But the thread isn't really complete until we realize...

...no one will ever smell metal in this lifetime and possibly never because mother nature does not give up her smells easily unless the "lucky donkey" just happens to smell it one day.

I couldn't help myself after reading so many threads where Mr. Hull offers the final cripling blow to all of my fusion enthusiasm

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Re: Why do metals smell?

Post by JohnCuthbert » Wed May 26, 2010 6:52 pm

Indeed, but it would be a shame to close it without giving Doug a chance to respond.

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Carl Willis
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Re: Why do metals smell?

Post by Carl Willis » Wed May 26, 2010 9:28 pm

Indeed. What a thread.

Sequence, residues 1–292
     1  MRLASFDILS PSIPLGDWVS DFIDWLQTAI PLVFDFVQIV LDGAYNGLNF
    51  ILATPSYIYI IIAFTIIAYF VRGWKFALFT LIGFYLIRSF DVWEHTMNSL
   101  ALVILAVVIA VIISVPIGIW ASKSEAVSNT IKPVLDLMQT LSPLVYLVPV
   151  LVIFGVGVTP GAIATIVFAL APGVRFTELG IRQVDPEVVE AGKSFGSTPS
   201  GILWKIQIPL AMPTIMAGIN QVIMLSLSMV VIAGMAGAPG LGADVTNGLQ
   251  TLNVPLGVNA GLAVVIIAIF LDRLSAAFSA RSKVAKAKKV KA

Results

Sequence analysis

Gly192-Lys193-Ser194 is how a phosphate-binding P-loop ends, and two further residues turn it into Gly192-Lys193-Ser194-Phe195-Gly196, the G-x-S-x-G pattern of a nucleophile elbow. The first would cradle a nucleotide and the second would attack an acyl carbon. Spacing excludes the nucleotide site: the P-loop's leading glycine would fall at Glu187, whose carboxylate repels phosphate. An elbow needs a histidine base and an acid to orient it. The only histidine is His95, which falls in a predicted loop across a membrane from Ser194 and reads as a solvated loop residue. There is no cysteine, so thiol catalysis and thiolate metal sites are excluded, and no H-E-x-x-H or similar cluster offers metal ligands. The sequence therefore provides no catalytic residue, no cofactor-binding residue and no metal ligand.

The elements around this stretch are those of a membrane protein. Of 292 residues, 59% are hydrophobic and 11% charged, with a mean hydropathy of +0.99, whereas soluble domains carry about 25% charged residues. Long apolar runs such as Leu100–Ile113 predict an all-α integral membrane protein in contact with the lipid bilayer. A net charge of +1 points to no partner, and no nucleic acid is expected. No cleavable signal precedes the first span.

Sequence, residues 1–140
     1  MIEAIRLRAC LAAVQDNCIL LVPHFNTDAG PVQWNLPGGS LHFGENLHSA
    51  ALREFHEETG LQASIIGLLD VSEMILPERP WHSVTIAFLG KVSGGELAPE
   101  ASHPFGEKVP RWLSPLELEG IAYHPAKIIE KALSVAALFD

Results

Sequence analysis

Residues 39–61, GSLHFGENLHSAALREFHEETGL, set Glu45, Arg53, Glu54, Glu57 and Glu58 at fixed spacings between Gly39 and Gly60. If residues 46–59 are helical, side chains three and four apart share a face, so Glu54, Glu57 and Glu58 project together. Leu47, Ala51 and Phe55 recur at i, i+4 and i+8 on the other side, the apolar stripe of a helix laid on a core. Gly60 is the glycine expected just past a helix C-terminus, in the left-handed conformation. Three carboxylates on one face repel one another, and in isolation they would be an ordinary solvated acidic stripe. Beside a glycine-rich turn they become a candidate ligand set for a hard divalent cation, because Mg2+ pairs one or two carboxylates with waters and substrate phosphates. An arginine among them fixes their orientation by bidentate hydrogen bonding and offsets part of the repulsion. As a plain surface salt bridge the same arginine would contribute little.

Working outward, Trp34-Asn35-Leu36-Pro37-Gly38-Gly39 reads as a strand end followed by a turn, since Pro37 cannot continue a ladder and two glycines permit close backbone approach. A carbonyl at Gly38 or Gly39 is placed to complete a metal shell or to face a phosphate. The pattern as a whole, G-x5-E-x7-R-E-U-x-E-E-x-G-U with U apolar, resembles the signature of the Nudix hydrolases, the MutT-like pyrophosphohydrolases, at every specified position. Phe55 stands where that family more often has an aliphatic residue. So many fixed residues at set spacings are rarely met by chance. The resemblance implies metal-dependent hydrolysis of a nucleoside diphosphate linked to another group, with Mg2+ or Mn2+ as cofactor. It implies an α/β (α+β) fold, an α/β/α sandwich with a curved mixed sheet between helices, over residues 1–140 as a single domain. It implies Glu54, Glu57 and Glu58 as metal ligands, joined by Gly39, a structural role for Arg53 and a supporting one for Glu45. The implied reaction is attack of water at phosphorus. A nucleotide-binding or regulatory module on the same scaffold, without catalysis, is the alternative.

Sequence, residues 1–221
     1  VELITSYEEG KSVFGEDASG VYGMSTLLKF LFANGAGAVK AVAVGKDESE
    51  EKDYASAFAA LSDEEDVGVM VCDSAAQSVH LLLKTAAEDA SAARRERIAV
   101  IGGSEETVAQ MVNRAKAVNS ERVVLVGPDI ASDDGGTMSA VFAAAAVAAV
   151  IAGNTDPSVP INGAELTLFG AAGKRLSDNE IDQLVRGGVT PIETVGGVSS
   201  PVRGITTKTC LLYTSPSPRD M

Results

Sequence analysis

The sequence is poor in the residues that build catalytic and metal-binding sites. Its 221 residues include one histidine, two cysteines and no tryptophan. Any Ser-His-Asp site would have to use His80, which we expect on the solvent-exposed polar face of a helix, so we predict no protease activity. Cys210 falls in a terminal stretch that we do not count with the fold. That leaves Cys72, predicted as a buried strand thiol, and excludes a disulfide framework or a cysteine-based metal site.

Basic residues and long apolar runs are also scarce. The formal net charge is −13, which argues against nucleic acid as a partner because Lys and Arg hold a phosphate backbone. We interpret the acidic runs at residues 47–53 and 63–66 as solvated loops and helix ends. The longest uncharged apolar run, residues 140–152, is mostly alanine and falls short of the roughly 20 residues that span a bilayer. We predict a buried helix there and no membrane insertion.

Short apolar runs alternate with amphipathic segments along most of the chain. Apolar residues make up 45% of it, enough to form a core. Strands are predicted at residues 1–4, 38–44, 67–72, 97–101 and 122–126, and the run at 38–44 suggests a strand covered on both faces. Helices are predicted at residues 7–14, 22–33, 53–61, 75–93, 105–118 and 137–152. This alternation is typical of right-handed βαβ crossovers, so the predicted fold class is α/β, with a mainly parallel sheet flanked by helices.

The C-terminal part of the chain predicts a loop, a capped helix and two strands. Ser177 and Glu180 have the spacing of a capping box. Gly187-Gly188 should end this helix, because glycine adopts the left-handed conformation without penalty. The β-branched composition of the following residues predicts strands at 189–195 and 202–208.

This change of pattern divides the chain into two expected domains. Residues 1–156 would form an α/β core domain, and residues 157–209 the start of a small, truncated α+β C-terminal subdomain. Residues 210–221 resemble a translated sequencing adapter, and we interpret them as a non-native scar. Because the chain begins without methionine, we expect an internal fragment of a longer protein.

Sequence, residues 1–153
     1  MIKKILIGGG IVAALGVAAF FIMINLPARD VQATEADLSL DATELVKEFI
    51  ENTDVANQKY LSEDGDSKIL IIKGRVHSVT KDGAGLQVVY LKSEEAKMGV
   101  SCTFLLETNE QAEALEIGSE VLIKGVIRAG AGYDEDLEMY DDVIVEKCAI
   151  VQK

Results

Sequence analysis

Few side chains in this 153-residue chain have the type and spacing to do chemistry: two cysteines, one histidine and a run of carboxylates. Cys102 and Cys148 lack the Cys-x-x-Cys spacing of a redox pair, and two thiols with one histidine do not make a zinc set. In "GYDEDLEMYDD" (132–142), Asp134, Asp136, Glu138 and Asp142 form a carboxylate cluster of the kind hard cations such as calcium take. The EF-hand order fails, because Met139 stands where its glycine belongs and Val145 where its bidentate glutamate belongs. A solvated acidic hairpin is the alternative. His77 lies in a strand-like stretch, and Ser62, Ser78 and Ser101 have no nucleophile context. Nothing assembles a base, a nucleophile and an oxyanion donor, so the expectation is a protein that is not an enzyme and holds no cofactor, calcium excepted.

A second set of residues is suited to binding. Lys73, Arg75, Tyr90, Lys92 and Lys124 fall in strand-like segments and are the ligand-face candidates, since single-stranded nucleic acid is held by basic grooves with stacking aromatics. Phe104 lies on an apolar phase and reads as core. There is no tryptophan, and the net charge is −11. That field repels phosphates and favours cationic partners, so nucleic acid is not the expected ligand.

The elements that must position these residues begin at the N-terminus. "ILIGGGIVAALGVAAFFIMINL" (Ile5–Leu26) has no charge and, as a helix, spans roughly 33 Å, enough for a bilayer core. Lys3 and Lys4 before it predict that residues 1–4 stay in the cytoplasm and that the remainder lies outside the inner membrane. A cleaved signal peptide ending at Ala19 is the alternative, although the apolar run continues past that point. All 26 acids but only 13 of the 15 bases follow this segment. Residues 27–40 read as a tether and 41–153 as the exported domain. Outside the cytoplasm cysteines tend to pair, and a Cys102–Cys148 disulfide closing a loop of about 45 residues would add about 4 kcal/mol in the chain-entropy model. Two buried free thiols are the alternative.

Anyone ever "feel lucky" on teh Google (or even look at the goddamn thing anymore)?

1. Type "why do metals smell?" into Google. 2. Click "I'm Feeling Lucky." 3. An authoritative answer fills your screen. 4. About thirty posts of contention, low-information, non-information, and mis-information on a specialty hobby forum is thereby avoided.

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Chris Bradley
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Re: Why do metals smell?

Post by Chris Bradley » Wed May 26, 2010 9:42 pm

Carl Willis wrote:
> Indeed. What a thread.
> Anyone ever "feel lucky" on teh Google (or even look at the goddamn thing anymore)?
> 1. Type "why do metals smell?" into Google. 2. Click "I'm Feeling Lucky." 3. An authoritative answer fills your screen. 4. About thirty posts of contention, low-information, non-information, and mis-information on a specialty hobby forum is thereby avoided.
> -Carl